The stars of this team have been touring the globe with their unexpected free time, selling sneakers in China, attending fashion shows in Paris, James even buying a soccer team in England, but if they’ve gotten fat or forgotten the sting after six long months, there is this wonderful and unpleasant reminder to usher in the sequel that’ll begin in a month:The early 66-game schedule has Miami in Dallas for the very first game of the season, when the Heat will have to watch the Mavericks get what was supposed to be Miami’s championship rings.
Last we saw these two teams, a long time ago, too long ago, Dallas was celebrating on Miami’s floor, before the quietest South Florida crowd you’ve never heard. LeBron shrunk in a way previously unseen from a superstar in this sport, from a muscled 6-8 behemoth to someone who couldn’t do anything even when posting up a garden gnome named J.J. Barea.
If James merely plays to his averages in The Finals, Miami is defending its throne now before a terrified NBA, looking to hog titles. But James looked so very afraid at the end, and so his search for validation — of his talent, of his place in the game’s history, of his Decision to take his talents to South Beach — will again be the center of basketball’s universe as the story of this new season.Courage is not the absence of fear.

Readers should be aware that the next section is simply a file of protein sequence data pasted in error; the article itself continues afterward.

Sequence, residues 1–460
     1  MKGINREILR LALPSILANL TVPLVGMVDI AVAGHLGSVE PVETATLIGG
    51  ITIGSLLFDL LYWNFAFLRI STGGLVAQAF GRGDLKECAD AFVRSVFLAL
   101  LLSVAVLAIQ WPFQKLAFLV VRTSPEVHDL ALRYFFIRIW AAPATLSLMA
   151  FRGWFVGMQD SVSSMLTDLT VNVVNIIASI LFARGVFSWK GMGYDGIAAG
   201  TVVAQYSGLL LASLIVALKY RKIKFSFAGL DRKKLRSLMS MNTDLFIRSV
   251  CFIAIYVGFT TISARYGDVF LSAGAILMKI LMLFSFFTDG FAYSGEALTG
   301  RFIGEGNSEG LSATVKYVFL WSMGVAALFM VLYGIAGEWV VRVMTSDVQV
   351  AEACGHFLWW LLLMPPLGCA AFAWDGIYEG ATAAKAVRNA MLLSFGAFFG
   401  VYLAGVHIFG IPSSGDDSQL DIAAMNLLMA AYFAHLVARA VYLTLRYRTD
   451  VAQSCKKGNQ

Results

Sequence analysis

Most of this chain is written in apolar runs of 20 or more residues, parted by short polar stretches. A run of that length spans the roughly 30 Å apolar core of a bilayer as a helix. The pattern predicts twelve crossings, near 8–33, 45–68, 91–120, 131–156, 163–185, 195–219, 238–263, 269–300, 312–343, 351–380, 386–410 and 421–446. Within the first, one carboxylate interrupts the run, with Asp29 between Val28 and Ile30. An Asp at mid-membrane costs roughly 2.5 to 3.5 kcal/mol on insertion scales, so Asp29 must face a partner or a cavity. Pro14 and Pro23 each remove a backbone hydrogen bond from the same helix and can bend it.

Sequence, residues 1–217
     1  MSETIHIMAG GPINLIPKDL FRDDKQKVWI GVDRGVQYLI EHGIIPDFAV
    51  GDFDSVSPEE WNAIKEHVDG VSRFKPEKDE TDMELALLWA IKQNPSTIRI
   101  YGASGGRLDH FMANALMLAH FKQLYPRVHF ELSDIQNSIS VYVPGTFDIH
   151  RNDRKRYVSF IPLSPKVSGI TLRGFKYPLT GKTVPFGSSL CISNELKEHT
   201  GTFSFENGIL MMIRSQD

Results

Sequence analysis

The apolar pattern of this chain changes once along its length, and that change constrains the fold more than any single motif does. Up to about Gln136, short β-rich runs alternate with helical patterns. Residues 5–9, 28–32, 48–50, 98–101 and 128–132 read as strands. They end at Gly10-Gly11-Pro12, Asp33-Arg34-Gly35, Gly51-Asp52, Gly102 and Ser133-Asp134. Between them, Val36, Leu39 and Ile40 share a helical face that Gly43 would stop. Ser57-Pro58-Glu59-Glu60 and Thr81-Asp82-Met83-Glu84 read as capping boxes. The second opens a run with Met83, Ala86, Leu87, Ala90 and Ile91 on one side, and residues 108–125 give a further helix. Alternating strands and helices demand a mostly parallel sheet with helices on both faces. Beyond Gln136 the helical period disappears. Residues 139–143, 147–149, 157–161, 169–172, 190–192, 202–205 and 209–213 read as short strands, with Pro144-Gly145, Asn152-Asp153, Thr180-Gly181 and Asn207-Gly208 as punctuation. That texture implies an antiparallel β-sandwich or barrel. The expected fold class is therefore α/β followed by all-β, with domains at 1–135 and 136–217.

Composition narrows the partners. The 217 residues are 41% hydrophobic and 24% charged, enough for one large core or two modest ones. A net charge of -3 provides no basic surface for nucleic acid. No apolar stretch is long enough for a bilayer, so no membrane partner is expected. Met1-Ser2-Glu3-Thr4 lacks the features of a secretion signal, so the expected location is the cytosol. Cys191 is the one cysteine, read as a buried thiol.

That’s fearlessness, and it is not human.
Courage is the ability to overcome it, and James has had six very quiet months to wallow in his profound and public shame, to think about how he didn’t seem to want to be holding the ball or the responsibility at the end. Soon, we’ll begin to find out if he can overcome this weight, pressure and expectation.
If the sport had indeed locked out for a season, and James hadn’t even been given a chance to get up off the ground, that might have stung him more than even the $16 million he would have lost in annual salary.
His tone-deaf television special got him accused of ego, which in the world of fun and games is somehow the worst of sports crimes. Q ratings show that the most unpopular athletes are the ones who are arrogant, not the ones who are arrested. So James mocked himself in a McDonald’s ad and poked fun at his receding hairline on Twitter.
Maybe we don’t see that kind of humbling if not for the Mavericks. Fans can forgive an athlete’s mistakes (see Tiger Woods and Kobe Bryant, folks people now cheer); they are more reluctant to forgive an athlete who takes himself too seriously. So James has to be grateful that he gets this season to begin his reinvention.
Heat management went to bed Friday night thinking the season would be lost, only to find out at 4 a.m. that it had been saved by concessions on both sides. And this should tell you how badly Heat owner Micky Arison wanted that to be: He agreed to and fought for a deal that is going to cost him a lot of money.
On the business side, Miami, despite all its star power, expects to lose money again this season. That has been the case every year Arison has owned the team except for last year, when James brought in revenue and franchise appreciation at an unprecedented rate.